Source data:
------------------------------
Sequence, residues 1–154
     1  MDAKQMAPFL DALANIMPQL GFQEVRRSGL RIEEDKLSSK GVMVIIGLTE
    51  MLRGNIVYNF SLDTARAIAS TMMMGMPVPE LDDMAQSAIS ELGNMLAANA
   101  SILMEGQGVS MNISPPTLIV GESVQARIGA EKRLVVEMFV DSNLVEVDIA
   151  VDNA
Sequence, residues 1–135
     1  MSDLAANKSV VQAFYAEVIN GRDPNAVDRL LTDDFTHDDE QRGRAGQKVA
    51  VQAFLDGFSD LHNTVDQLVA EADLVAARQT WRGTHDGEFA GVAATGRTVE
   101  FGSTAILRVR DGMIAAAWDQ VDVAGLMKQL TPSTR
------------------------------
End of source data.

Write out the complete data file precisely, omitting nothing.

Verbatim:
Sequence, residues 1–154
     1  MDAKQMAPFL DALANIMPQL GFQEVRRSGL RIEEDKLSSK GVMVIIGLTE
    51  MLRGNIVYNF SLDTARAIAS TMMMGMPVPE LDDMAQSAIS ELGNMLAANA
   101  SILMEGQGVS MNISPPTLIV GESVQARIGA EKRLVVEMFV DSNLVEVDIA
   151  VDNA
Sequence, residues 1–135
     1  MSDLAANKSV VQAFYAEVIN GRDPNAVDRL LTDDFTHDDE QRGRAGQKVA
    51  VQAFLDGFSD LHNTVDQLVA EADLVAARQT WRGTHDGEFA GVAATGRTVE
   101  FGSTAILRVR DGMIAAAWDQ VDVAGLMKQL TPSTR